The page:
Michael Jones | 13 Aug 06:44 2014

Odd FFI behavior

I have some strange behavior with GHC 7.6.3 on Ubuntu 14 TLS when using FFI and I am looking for some ideas on
what could be going on.

Fundamentally, adding wait calls (delays coded in the C) changes the behavior of the C, in that returned
status codes have proper values when there are delays, and return errors when there are no delays. But
these same calls result in proper behavior on the Aardvark’s serial bus, return proper data, etc. Only
the status get’s messed up.

The module calls a thin custom C layer over the Aaardvark C layer, which dynamically loads a dll and makes
calls into it. The thin layer just makes the use of c2hs eaiser.

It is always possible there is some kind of memory issue, but there is no pattern to the mishap. It is random.
Adding delays just changes probabilities of bad status.

I made a C version of my application calling the same custom C layer, and there are no problems. This sort of
indicates the problem is with the FFI.

Because the failures are not general in that they target one particular value, and seem to be affected by
time, it makes me wonder if there is some subtle Haskell run time issue. Like, could the garbage collector
be interacting with things?

Does anyone have an idea what kind of things to look for?

Mike

DLL loader

static void *_loadFunction (const char *name, int *result) {
    static DLL_HANDLE handle = 0;
    void * function = 0;
(Continue reading)

Donn Cave | 13 Aug 07:04 2014

Re: Odd FFI behavior

...
> Because the failures are not general in that they target one
> particular value, and seem to be affected by time, it makes me
> wonder if there is some subtle Haskell run time issue. Like,
> could the garbage collector be interacting with things?
> 
> Does anyone have an idea what kind of things to look for?

Sure - not that I have worked out in any detail how this would
do what you're seeing, but it's easy to do and often enough
works.

Compile with RTS options enabled and invoke with RTS option -V0.

That will disable the runtime internal timer, which uses signals.
The flood of signals from this source can interrupt functions
that aren't really designed to deal with that, because in a more
normal context they don't have to.

	Donn
Michael Jones | 13 Aug 17:12 2014

Re: Odd FFI behavior

Donn,

Thanks, this solved the problem.

I would like to know more about what the signals are doing, and what am I giving up by disabling them?

My hope is I can then go back to the dll expert and ask why this is causing their library a problem and try to see
if they can solve the problem from their end, etc.

Mike

On Aug 12, 2014, at 11:04 PM, Donn Cave <donn <at> avvanta.com> wrote:

> ...
>> Because the failures are not general in that they target one
>> particular value, and seem to be affected by time, it makes me
>> wonder if there is some subtle Haskell run time issue. Like,
>> could the garbage collector be interacting with things?
>> 
>> Does anyone have an idea what kind of things to look for?
> 
> Sure - not that I have worked out in any detail how this would
> do what you're seeing, but it's easy to do and often enough
> works.
> 
> Compile with RTS options enabled and invoke with RTS option -V0.
> 
> That will disable the runtime internal timer, which uses signals.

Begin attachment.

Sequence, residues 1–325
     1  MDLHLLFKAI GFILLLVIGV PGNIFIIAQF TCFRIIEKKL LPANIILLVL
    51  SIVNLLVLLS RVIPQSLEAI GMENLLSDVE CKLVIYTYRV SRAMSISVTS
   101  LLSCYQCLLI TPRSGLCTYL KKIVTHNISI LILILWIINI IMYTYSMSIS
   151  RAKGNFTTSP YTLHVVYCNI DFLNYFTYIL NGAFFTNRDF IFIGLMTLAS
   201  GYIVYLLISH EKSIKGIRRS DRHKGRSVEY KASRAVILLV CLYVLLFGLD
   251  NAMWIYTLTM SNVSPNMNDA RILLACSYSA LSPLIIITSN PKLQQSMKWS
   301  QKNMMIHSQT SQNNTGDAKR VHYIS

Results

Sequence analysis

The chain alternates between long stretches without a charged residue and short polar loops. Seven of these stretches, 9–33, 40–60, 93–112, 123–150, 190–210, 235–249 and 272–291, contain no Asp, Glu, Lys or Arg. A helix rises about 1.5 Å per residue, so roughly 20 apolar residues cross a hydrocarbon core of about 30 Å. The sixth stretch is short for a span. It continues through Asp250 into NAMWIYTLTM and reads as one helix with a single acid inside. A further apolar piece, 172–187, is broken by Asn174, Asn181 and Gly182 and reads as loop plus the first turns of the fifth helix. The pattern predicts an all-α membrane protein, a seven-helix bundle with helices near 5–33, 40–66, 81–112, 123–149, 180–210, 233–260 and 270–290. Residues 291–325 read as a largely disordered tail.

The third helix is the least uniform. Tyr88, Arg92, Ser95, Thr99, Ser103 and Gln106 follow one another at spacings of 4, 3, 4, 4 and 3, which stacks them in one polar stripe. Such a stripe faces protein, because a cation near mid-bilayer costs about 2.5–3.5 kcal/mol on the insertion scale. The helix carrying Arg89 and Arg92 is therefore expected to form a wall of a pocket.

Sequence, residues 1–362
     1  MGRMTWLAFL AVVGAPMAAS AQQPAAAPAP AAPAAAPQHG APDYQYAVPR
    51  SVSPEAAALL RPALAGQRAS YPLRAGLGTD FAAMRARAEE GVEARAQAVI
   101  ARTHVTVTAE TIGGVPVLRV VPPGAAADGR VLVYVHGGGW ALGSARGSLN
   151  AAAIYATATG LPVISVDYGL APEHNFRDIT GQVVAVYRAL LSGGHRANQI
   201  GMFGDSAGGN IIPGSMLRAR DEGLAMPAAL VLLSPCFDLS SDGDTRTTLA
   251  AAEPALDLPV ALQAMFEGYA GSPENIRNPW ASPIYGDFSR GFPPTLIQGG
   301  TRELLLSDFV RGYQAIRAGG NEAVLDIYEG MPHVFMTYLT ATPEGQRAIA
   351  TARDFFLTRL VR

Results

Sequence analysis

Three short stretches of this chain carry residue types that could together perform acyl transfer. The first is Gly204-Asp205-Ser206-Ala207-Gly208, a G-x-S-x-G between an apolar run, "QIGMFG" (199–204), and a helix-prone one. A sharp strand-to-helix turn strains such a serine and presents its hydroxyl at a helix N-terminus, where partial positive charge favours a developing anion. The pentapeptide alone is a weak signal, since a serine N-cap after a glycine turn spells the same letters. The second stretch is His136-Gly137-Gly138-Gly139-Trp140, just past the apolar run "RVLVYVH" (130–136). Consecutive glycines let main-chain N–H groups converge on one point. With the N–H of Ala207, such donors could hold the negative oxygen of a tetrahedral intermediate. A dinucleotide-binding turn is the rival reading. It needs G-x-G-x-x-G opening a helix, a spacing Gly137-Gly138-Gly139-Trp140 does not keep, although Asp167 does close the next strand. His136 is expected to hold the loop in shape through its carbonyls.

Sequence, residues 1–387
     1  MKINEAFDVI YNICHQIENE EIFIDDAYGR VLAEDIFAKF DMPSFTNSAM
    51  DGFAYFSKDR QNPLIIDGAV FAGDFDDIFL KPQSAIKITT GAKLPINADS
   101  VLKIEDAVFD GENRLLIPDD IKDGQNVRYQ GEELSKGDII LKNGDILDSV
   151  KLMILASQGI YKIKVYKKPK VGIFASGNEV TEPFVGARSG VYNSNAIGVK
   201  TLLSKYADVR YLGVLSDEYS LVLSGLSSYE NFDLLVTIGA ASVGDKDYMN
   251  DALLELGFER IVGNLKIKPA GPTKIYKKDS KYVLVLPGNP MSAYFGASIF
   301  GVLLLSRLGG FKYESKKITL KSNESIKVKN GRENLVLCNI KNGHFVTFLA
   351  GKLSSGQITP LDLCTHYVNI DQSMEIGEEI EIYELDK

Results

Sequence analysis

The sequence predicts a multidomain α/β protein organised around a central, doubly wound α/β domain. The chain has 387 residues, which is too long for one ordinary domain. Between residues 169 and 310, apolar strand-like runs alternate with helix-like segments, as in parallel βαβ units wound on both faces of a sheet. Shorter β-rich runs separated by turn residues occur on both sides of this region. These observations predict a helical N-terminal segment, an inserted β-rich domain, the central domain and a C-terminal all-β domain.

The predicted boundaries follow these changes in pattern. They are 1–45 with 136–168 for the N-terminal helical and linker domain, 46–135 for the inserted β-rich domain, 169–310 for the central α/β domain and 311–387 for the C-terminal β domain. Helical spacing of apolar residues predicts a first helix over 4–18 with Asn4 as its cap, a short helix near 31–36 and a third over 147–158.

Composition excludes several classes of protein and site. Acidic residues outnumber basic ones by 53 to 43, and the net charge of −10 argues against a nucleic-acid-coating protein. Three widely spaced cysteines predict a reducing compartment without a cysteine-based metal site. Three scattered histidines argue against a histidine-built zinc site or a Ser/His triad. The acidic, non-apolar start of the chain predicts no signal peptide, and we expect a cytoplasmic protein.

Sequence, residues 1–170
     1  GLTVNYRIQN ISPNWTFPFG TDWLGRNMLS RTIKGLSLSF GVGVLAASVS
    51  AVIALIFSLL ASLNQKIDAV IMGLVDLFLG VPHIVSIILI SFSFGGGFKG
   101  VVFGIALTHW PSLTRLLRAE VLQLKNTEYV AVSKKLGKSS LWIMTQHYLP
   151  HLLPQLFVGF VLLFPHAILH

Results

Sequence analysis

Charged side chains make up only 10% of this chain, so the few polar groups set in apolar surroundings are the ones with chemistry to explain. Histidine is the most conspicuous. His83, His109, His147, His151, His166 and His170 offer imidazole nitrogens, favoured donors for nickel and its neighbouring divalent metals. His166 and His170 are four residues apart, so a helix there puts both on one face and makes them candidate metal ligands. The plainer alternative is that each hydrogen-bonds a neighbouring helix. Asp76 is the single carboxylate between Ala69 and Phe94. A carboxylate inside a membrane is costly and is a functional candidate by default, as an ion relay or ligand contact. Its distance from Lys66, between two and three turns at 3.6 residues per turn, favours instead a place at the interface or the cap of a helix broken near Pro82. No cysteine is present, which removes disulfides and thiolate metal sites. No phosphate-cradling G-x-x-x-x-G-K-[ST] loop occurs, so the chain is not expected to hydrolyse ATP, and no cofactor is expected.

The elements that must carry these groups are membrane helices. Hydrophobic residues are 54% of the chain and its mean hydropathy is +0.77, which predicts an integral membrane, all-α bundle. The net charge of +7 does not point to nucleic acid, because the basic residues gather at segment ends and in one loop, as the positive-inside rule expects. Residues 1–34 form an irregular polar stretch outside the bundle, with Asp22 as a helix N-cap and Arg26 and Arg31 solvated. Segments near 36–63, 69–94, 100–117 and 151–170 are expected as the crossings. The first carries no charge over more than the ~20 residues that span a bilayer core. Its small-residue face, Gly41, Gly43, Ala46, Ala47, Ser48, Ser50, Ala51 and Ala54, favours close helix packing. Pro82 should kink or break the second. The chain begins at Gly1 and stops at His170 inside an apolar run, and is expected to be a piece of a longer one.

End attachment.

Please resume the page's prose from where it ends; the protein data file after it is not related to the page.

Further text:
> The flood of signals from this source can interrupt functions
> that aren't really designed to deal with that, because in a more
(Continue reading)

Donn Cave | 13 Aug 17:56 2014

Re: Odd FFI behavior

[ ... re -V0 ]
> Thanks, this solved the problem.
> 
> I would like to know more about what the signals are doing, and
> what am I giving up by disabling them?
> 
> My hope is I can then go back to the dll expert and ask why this
> is causing their library a problem and try to see if they can
> solve the problem from their end, etc.

I'm disgracefully ignorant about that.  When I've been forced to
run this way, it doesn't seem to do any very obvious immediate
harm to the application at all, but I could be missing long term
effects.

The problem with the library might be easy to fix, and in principle
it's sure worth looking into - while the GHC runtime delivers signals
on an exceptionally massive scale, there are plenty of normal UNIX
applications that use signals, maybe timers just like this for example,
and it's easy to set up a similar test environment using setitimer(2)
to provide the signal bombardment.  (I believe GHC actually uses
SIGVTALRM rather than SIGALRM, but don't think it will make any
difference.)

But realistically, in the end sometimes we can't get a fix for it,
so it's interesting to know how -V0 works out as a work-around.
I hope you will keep us posted.

	Donn
(Continue reading)

Michael Jones | 14 Aug 14:32 2014

Re: Odd FFI behavior

Donn,

I was able to duplicate my problem in C using SIGVTALRM.

Can someone explain the impact of using -V0 ? What does it do to performance, etc?

Mike

Sent from my iPad

> On Aug 13, 2014, at 9:56 AM, Donn Cave <donn <at> avvanta.com> wrote:
> 
> [ ... re -V0 ]
>> Thanks, this solved the problem.
>> 
>> I would like to know more about what the signals are doing, and
>> what am I giving up by disabling them?
>> 
>> My hope is I can then go back to the dll expert and ask why this
>> is causing their library a problem and try to see if they can
>> solve the problem from their end, etc.
> 
> I'm disgracefully ignorant about that.  When I've been forced to
> run this way, it doesn't seem to do any very obvious immediate
> harm to the application at all, but I could be missing long term
> effects.
> 
> The problem with the library might be easy to fix, and in principle
> it's sure worth looking into - while the GHC runtime delivers signals
> on an exceptionally massive scale, there are plenty of normal UNIX
(Continue reading)


Gmane